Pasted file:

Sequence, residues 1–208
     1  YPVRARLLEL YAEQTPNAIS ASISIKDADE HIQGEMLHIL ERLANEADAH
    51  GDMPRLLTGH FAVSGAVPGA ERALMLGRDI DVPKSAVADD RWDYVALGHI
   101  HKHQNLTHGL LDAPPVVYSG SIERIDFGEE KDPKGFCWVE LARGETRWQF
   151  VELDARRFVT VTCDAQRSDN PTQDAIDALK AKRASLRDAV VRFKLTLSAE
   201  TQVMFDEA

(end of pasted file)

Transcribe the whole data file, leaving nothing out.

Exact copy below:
Sequence, residues 1–208
     1  YPVRARLLEL YAEQTPNAIS ASISIKDADE HIQGEMLHIL ERLANEADAH
    51  GDMPRLLTGH FAVSGAVPGA ERALMLGRDI DVPKSAVADD RWDYVALGHI
   101  HKHQNLTHGL LDAPPVVYSG SIERIDFGEE KDPKGFCWVE LARGETRWQF
   151  VELDARRFVT VTCDAQRSDN PTQDAIDALK AKRASLRDAV VRFKLTLSAE
   201  TQVMFDEA